These are not all the possible side effects of hydromorphone hydrochloride tablets. Call your doctor for medical advice about side effects. You may report side effects to FDA at 1-800-FDA-1088. For more information go to dailymed.nlm.nih.gov
Manufactured by: SpecGx LLC, Webster Groves, MO 63119 USA, www.Mallinckrodt.com or call 1-800-778-7898
This Medication Guide has been approved by the U.S. Food and Drug Administration.
- Hydromorphone HCL 8mg (CII) Tablet
- Hydromorphone Hcl 2mg (CII) Tablet
INGREDIENTS AND APPEARANCE
hydromorphone hydrochloride tablet
Product Information Product Type HUMAN PRESCRIPTION DRUG Item Code (Source) NDC:71335-0229(NDC:0406-3249) Route of Administration ORAL DEA Schedule CII Active Ingredient/Active Moiety Ingredient Name Basis of Strength Strength HYDROMORPHONE HYDROCHLORIDE (UNII: L960UP2KRW) (HYDROMORPHONE - UNII:Q812464R06) HYDROMORPHONE HYDROCHLORIDE 8 mg Inactive Ingredients Ingredient Name Strength LACTOSE MONOHYDRATE (UNII: EWQ57Q8I5X) MAGNESIUM STEARATE (UNII: 70097M6I30) STEARIC ACID (UNII: 4ELV7Z65AP) MICROCRYSTALLINE CELLULOSE (UNII: OP1R32D61U) Product Characteristics Color WHITE (off-white) Score 2 pieces Shape TRIANGLE Size 8mm Flavor Imprint Code M;8 Contains Packaging # Item Code Package Description Marketing Start Date Marketing End Date 1 NDC:71335-0229-1 30 in 1 BOTTLE; Type 0: Not a Combination Product 03/29/2016 2 NDC:71335-0229-2 60 in 1 BOTTLE; Type 0: Not a Combination Product 03/29/2016 3 NDC:71335-0229-3 90 in 1 BOTTLE; Type 0: Not a Combination Product 03/29/2016 4 NDC:71335-0229-4 120 in 1 BOTTLE; Type 0: Not a Combination Product 03/29/2016 5 NDC:71335-0229-5 20 in 1 BOTTLE; Type 0: Not a Combination Product 03/29/2016 Marketing Information Marketing Category Application Number or Monograph Citation Marketing Start Date Marketing End Date ANDA ANDA076855 05/14/2009 HYDROMORPHONE HYDROCHLORIDE
hydromorphone hydrochloride tablet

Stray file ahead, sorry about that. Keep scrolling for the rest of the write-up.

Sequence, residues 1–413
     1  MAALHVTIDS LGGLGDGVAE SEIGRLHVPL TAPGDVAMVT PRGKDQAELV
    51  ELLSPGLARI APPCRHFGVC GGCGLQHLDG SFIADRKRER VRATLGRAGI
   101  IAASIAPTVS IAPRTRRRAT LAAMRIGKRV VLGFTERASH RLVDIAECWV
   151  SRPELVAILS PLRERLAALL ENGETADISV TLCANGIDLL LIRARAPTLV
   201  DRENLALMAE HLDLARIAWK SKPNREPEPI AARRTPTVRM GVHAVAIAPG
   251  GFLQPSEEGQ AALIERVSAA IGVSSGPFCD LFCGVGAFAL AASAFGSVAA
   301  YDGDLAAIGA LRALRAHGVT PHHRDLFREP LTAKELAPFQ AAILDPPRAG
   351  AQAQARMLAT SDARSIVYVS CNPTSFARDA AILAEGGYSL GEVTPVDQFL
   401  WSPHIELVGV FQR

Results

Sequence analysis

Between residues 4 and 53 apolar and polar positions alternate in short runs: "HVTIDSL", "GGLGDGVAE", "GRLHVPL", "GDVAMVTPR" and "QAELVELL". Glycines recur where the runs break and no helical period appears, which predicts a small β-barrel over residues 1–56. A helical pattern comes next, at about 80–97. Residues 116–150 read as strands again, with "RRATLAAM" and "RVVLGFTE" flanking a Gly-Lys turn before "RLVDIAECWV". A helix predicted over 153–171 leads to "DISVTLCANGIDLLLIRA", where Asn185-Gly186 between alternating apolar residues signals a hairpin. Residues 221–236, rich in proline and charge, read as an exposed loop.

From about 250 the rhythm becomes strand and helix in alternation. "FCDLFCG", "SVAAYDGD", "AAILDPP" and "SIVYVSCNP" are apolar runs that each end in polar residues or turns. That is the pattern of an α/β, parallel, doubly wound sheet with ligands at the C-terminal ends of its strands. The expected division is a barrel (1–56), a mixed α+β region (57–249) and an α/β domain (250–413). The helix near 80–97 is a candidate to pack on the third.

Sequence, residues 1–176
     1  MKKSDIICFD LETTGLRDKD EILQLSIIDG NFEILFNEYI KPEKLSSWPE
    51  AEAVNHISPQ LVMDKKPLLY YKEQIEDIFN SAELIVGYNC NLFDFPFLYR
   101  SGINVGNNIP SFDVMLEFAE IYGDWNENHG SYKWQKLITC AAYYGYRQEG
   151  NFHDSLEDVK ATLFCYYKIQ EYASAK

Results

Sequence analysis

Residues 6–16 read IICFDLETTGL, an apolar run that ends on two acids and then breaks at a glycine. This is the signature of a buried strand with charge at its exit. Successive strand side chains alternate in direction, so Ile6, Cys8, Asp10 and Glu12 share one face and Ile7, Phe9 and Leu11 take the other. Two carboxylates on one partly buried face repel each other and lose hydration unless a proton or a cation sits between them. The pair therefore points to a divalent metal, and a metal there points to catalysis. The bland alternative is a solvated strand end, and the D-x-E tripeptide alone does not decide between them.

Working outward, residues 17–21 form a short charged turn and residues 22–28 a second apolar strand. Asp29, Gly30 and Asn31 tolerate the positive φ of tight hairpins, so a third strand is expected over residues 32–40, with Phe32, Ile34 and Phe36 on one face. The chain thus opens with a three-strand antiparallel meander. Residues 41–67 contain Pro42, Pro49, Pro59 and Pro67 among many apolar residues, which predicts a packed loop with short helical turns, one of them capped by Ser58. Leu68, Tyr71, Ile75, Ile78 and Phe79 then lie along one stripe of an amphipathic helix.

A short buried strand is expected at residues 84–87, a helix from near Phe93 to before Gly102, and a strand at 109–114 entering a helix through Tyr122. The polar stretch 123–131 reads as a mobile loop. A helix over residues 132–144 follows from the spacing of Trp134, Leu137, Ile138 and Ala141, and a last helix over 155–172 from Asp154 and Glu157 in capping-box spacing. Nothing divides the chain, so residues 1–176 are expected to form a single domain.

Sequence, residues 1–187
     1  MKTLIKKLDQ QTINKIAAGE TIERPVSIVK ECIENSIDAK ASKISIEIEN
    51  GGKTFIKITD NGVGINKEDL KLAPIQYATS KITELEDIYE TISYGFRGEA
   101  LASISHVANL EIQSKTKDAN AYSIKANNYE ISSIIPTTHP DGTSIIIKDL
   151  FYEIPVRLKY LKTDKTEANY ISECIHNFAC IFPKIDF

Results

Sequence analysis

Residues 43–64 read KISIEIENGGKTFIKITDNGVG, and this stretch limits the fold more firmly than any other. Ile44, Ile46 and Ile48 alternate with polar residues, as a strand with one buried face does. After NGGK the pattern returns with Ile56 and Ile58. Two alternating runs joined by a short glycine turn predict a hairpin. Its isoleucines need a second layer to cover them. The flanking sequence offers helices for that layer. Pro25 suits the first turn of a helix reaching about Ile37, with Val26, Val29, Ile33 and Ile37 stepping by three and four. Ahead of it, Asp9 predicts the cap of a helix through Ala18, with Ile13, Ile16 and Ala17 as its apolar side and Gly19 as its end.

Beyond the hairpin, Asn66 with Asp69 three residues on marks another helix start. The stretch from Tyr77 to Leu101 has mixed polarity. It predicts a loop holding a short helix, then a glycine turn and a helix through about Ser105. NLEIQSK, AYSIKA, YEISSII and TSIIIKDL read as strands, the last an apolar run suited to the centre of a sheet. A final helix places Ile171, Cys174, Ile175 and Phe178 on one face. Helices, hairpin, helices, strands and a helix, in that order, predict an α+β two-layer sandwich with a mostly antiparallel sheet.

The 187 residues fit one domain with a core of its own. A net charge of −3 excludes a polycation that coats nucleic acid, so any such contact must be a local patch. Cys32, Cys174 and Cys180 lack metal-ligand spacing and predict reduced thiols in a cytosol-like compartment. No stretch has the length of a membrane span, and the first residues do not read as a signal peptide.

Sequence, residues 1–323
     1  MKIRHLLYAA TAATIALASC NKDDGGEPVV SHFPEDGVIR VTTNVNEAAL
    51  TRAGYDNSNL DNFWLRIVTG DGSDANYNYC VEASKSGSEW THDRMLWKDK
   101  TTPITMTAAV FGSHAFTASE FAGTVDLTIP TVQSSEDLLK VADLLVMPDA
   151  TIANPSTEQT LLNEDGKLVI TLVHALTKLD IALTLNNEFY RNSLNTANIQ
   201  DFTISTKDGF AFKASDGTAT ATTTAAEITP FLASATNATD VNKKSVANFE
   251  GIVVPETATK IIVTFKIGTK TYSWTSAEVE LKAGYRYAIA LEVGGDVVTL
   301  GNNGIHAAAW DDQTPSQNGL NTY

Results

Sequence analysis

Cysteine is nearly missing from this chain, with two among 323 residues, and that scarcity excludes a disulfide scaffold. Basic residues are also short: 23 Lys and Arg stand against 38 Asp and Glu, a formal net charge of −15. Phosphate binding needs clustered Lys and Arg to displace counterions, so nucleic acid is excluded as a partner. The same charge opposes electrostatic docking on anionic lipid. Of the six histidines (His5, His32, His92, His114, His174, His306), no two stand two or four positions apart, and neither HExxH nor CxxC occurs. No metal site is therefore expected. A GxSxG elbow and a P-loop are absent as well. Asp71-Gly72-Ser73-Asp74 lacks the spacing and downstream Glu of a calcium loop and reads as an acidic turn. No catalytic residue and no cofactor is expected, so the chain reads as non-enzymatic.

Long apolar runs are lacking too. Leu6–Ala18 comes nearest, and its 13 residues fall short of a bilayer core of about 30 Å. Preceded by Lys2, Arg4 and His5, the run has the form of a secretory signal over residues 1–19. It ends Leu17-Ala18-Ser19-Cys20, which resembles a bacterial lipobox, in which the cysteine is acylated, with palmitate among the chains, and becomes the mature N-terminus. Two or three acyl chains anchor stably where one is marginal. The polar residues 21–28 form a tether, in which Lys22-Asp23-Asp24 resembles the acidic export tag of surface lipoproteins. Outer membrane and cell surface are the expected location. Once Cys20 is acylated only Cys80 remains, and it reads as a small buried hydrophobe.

Product Information Product Type HUMAN PRESCRIPTION DRUG Item Code (Source) NDC:71335-0759(NDC:0406-3243) Route of Administration ORAL DEA Schedule CII Active Ingredient/Active Moiety Ingredient Name Basis of Strength Strength HYDROMORPHONE HYDROCHLORIDE (UNII: L960UP2KRW) (HYDROMORPHONE - UNII:Q812464R06) HYDROMORPHONE HYDROCHLORIDE 2 mg Inactive Ingredients Ingredient Name Strength LACTOSE MONOHYDRATE (UNII: EWQ57Q8I5X) MAGNESIUM STEARATE (UNII: 70097M6I30) STEARIC ACID (UNII: 4ELV7Z65AP) MICROCRYSTALLINE CELLULOSE (UNII: OP1R32D61U) Product Characteristics Color WHITE (off-white) Score no score Shape ROUND Size 6mm Flavor Imprint Code M;2 Contains Packaging # Item Code Package Description Marketing Start Date Marketing End Date 1 NDC:71335-0759-1 25 in 1 BOTTLE; Type 0: Not a Combination Product 04/02/2018 2 NDC:71335-0759-2 60 in 1 BOTTLE; Type 0: Not a Combination Product 04/02/2018 3 NDC:71335-0759-3 30 in 1 BOTTLE; Type 0: Not a Combination Product 04/02/2018 4 NDC:71335-0759-4 28 in 1 BOTTLE; Type 0: Not a Combination Product 04/02/2018 5 NDC:71335-0759-5 90 in 1 BOTTLE; Type 0: Not a Combination Product 04/02/2018 6 NDC:71335-0759-6 120 in 1 BOTTLE; Type 0: Not a Combination Product 04/02/2018 7 NDC:71335-0759-7 40 in 1 BOTTLE; Type 0: Not a Combination Product 04/02/2018 8 NDC:71335-0759-8 20 in 1 BOTTLE; Type 0: Not a Combination Product 04/02/2018 9 NDC:71335-0759-9 10 in 1 BOTTLE; Type 0: Not a Combination Product 04/02/2018 Marketing Information Marketing Category Application Number or Monograph Citation Marketing Start Date Marketing End Date ANDA ANDA076855 05/14/2017 Labeler - Bryant Ranch Prepack (171714327) Establishment Name Address ID/FEI Business Operations Bryant Ranch Prepack 171714327 REPACK(71335-0759, 71335-0229) , RELABEL(71335-0229, 71335-0759)